This article will examine New York City and State’s current universal pre-kindergarten efforts as related to social goals of serving low-income children in segregated schools to address inequality and close opportunity gaps. It also will examine the educational goals of enhancing cognitive gains and improving school readiness for all children. Part I considers pre-kindergarten in a climate of extreme segregation by race and class and in the context of current technocratic education reforms operating against a backdrop of diminished legal remedies for the harms of race and class segregation and inequality. Part II examines pre-kindergarten, with a focus on New York’s role as one of the earliest states to introduce pre-kindergarten, first as targeted to the state’s neediest children as anti-poverty and social equalization strategy and more recently as a universal program focused on educational policy. It will discuss more recent efforts to introduce and implement universal pre-kindergarten primarily from an educational perspective rather than as an anti-poverty strategy. Part III will note persistent structural and fiscal barriers to full implementation of either targeted or universal pre-kindergarten that mirror barriers to high quality preschool and public education access more broadly. Part IV considers statutory and constitutionally-based approaches to achieving equitable access to pre-kindergarten, noting the difficulties in establishing and sustaining access for low-income urban Black and Latino children, regardless of the approach. The article raises the question whether some form of targeted pre-kindergarten might better ensure that New York City’s neediest children gain access to quality programs.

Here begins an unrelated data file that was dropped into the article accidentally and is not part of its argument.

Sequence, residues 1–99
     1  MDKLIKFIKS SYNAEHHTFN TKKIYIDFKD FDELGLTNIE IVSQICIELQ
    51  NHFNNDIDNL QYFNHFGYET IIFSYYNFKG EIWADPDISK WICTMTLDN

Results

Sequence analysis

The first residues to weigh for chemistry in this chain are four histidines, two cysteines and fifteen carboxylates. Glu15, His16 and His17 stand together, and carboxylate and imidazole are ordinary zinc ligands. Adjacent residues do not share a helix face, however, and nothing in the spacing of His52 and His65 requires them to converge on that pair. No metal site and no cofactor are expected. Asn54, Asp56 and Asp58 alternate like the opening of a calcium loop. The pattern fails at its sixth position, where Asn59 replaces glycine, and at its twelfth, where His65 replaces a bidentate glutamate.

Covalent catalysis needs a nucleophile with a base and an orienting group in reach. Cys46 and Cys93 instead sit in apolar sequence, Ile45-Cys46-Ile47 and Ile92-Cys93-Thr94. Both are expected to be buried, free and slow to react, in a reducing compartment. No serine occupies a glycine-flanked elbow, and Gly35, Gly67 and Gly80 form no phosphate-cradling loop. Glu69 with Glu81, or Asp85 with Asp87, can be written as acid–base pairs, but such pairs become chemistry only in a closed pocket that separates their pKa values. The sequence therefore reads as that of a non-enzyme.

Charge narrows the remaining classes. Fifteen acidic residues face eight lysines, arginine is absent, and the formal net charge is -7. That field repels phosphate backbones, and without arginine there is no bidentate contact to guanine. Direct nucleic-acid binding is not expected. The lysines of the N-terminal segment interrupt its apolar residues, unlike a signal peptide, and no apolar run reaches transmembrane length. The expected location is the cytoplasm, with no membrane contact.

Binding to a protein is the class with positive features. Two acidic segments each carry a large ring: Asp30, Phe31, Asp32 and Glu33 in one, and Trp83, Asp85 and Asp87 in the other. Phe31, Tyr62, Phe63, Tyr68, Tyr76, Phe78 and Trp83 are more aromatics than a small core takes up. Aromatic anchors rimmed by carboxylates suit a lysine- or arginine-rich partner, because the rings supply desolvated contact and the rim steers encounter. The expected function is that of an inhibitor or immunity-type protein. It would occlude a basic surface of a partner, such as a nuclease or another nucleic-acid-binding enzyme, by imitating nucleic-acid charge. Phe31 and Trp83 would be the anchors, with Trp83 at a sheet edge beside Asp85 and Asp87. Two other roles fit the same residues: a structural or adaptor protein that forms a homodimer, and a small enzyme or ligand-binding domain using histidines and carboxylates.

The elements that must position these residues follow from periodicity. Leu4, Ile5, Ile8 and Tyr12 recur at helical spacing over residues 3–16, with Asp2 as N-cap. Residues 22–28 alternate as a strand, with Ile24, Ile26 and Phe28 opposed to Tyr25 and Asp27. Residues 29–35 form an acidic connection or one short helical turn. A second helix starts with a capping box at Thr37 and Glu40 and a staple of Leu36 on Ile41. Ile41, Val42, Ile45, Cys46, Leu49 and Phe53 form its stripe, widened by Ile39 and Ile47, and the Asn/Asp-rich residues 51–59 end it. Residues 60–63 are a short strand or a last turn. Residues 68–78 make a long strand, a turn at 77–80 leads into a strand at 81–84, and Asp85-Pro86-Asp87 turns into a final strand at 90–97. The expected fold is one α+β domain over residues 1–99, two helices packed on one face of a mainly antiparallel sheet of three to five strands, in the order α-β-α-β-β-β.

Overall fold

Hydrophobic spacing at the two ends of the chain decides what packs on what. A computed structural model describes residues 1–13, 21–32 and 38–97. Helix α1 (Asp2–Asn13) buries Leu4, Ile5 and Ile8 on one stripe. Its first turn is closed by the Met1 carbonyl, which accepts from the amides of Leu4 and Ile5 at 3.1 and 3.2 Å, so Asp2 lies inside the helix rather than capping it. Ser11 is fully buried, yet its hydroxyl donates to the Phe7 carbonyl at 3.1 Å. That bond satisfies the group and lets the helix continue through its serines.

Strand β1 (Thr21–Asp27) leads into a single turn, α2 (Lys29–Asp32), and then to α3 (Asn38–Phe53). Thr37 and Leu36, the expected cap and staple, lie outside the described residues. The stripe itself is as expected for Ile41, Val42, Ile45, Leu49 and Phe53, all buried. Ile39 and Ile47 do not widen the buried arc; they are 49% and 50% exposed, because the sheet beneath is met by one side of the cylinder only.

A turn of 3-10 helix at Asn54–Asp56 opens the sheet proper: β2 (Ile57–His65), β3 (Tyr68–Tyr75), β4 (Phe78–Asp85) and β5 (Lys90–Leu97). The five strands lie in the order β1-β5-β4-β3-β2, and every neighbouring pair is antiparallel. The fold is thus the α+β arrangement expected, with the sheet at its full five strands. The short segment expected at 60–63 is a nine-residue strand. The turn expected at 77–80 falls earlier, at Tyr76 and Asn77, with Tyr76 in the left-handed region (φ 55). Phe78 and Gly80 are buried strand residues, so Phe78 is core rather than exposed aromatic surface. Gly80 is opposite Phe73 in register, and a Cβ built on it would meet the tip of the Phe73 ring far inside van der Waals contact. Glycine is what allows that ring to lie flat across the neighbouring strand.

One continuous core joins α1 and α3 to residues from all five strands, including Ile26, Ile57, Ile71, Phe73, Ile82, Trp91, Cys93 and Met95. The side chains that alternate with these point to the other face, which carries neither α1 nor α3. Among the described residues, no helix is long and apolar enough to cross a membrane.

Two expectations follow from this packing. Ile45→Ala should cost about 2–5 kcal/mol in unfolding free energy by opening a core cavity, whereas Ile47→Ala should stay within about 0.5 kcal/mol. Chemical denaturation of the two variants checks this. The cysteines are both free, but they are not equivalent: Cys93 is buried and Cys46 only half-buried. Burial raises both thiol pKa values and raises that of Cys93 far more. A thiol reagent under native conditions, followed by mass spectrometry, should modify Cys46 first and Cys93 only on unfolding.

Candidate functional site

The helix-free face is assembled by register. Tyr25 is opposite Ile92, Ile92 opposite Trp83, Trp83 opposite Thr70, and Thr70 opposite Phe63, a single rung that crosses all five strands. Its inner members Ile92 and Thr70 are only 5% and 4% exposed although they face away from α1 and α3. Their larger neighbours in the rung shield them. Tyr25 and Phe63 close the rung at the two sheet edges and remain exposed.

Symposium: American Education: Diversity, Desegregation and Resegregation

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